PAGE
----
To be successful when targeting early season bass or sea trout or indeed throughout the variable summer season in Ireland then your presentation or depth of fishing is going to be key. Slow steady retrieves are often the norm while fishing as close to the bottom as possible. At the early times of year bass are still somewhat lethargic and still in their energy conserving mode. Their noses are down as they root through muddy estuary bottoms in search of small marine worms and other tiny invertebrates. Here is where a variety of sinking and intermediate lines or sink tips will greatly add to your success not only in the early part of the season but throughout the summer as well!
Many fly fishers however don't carry the right equipment, in this case lines, to get the job done. As we grow in the sport the majority of us have spent our time or money accumulating a wide assortment of flies that we have to choose from. Deceivers, clousers, poppers, half and half’s, on and on and on they goin so many different colours…we've already discussed this in part 5 and 4.
If you're like some fly fishers I know you probably have so many flies that you can't find room in your box to carry them all. You probably also carry many flies that have never been cast into the water at all. These are the flies we label for that "just in case scenario", or "I like it so much i dont want to fish with it".
With the new season now getting underway I think it is time for many of us to change our way of thinking or the approach that we take. We need to start to measure how effective our time spent fly fishing at sea actually is. Do you keep a mental note of any of your success? Or do you just move along casting and casting, putting in another bad day where you say the fish weren't there or they weren't hungry or the sky was too blue ?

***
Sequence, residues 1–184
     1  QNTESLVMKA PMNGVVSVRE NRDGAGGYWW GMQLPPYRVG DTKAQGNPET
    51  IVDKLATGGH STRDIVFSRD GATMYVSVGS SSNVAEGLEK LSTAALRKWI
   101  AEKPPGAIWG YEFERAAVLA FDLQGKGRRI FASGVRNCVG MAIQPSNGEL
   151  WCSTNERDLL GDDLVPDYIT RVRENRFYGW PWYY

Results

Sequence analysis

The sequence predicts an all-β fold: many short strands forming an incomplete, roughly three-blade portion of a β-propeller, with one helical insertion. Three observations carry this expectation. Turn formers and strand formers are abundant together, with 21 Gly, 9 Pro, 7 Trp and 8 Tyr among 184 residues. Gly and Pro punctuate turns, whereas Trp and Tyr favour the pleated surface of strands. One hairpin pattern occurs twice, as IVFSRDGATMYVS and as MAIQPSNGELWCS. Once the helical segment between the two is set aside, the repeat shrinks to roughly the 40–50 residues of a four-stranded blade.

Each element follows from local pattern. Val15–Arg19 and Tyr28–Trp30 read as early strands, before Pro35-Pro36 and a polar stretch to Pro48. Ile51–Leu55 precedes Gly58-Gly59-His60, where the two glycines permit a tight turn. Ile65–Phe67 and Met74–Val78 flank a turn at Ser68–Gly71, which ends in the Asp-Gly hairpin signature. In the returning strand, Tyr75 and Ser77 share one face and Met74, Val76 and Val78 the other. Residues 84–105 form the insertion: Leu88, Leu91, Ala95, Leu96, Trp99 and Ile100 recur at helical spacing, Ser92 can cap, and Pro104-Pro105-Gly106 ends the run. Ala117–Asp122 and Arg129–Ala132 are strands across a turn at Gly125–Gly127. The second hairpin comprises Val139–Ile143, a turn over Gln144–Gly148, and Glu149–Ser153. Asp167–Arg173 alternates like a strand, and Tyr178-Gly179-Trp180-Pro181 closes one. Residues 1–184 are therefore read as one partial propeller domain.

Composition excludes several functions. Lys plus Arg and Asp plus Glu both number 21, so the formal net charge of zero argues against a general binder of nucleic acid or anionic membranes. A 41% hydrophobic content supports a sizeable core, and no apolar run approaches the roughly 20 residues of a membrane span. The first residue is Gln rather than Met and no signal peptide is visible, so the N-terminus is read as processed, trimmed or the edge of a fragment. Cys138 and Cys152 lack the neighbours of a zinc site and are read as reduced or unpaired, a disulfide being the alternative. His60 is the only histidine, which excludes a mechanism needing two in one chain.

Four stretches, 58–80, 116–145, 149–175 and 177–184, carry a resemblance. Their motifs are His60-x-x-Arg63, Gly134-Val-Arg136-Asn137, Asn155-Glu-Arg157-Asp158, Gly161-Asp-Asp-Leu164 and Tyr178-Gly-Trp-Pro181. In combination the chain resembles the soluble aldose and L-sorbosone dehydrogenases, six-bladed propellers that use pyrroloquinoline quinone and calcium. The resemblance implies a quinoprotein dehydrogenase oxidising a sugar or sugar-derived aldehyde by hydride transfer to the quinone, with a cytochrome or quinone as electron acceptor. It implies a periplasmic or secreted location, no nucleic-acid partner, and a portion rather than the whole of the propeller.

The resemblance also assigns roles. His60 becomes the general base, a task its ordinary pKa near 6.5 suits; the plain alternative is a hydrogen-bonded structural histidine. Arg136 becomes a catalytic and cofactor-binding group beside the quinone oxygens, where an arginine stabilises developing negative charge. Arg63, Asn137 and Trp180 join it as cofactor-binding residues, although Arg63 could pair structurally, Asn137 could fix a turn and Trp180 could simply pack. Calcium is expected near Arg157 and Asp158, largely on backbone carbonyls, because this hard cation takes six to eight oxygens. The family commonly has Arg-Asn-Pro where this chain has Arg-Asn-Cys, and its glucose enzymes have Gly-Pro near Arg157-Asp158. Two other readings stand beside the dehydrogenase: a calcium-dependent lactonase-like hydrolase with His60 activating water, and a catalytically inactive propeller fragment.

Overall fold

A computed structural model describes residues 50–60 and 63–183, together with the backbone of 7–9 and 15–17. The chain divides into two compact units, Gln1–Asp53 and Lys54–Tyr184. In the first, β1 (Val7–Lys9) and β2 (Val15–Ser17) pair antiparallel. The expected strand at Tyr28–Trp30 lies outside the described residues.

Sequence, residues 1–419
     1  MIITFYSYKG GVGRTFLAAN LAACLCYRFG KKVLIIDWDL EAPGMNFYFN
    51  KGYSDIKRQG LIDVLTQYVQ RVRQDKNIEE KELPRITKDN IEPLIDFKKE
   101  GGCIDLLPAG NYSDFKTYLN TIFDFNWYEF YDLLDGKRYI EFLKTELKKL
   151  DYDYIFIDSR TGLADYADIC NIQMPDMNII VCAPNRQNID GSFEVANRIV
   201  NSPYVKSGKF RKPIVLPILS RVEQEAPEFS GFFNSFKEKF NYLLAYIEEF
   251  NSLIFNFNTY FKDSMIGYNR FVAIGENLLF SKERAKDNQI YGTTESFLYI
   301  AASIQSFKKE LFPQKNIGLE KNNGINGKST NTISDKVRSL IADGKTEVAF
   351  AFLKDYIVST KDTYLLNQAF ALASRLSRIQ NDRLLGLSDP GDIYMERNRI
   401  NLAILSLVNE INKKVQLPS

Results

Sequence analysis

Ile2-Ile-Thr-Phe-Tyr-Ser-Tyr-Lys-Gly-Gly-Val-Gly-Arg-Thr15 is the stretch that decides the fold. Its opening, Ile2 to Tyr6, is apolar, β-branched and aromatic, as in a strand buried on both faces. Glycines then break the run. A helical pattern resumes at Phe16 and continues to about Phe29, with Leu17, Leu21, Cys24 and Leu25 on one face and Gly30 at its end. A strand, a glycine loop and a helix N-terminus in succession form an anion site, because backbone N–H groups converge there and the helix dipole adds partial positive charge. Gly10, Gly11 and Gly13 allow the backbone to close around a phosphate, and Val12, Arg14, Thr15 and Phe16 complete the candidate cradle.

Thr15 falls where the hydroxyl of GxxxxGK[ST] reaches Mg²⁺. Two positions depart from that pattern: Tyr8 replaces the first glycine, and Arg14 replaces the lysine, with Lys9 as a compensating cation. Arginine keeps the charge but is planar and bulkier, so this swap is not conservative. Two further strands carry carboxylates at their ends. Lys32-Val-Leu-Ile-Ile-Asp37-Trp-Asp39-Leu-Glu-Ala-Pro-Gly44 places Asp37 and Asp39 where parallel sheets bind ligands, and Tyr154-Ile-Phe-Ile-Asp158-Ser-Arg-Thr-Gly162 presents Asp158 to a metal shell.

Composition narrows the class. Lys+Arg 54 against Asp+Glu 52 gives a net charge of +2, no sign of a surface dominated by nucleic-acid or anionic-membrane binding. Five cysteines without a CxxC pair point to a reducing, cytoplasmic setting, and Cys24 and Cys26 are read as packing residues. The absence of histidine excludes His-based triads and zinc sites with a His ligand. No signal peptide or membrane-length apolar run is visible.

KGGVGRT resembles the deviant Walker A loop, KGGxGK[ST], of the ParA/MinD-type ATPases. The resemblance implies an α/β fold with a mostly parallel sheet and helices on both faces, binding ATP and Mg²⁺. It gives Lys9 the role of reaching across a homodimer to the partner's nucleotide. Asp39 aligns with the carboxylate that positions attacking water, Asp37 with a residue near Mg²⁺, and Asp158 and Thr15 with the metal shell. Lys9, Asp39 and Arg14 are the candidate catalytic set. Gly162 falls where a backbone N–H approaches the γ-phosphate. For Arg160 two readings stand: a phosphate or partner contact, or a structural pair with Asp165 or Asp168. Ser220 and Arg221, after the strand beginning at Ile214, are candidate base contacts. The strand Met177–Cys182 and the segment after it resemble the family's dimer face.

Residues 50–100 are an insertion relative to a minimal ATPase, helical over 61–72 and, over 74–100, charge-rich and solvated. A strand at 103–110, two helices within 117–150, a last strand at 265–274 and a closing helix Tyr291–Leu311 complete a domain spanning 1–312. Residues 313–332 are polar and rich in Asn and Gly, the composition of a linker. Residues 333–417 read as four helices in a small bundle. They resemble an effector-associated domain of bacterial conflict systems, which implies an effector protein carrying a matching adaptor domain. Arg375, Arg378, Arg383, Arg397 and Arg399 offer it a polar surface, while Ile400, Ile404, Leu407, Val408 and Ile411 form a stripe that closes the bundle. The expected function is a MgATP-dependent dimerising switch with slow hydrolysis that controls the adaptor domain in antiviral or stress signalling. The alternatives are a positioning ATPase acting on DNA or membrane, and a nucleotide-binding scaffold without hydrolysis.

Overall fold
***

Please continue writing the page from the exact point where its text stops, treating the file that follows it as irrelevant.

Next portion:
Or does this sound familiar? The fly fisher next to you is catching fish and you are not. You cast just about every fly in your box but each one yields the same result, nothing. Or how about this, you move from a spot and another fisher comes along steps in and catches a fish on the very first cast.
I think all of us can honestly say that at least one of these scenarios has happened to each one of us sometime in our fly fishing adventures. I know they have to me and it can be rather frustration especially if the angler repeats the catch. Dont worry though, there arent that many saltwater flyfishers for this to become a normal occurrence!
So what is the answer? What should go through your head when you are not producing fish and you know that you should be? One of the big keys to your success in saltwater fly-fishing is going to rest with your presentation at different depths. You will need to look at two components of your presentation that are important. One is the retrieve that you are using and the other is putting the fly in the right place. In other words putting the fly where the fish are. Which of these is more important? Well, I think it is safe to say that putting the fly where the fish are should be your first and most important consideration. If you have the correct retrieve but there are no fish anywhere near your fly then good luck, because you are going to need it.
I would recommend the following lines as essentials for the Irish saltwater flyfisher to cover all presentations at many depths.
Rio Outbound - #9F
Rio Outbound - #9I
Rio Outbound - #9S (rate as needed)
Rio Aqualux Striper Bass line -(Recommended)
Scientific Anglers saltwater mastery series fast and slow sinking lines plus a floater
Jim Teeny - Ts-350sw
Jim Teeny - Ts-450sw
Jim Teeny - Xd- 300
Alternativley and often more simple and cost effective
Custom built shooting heads or sink tips
Next month (September) - where should I fish?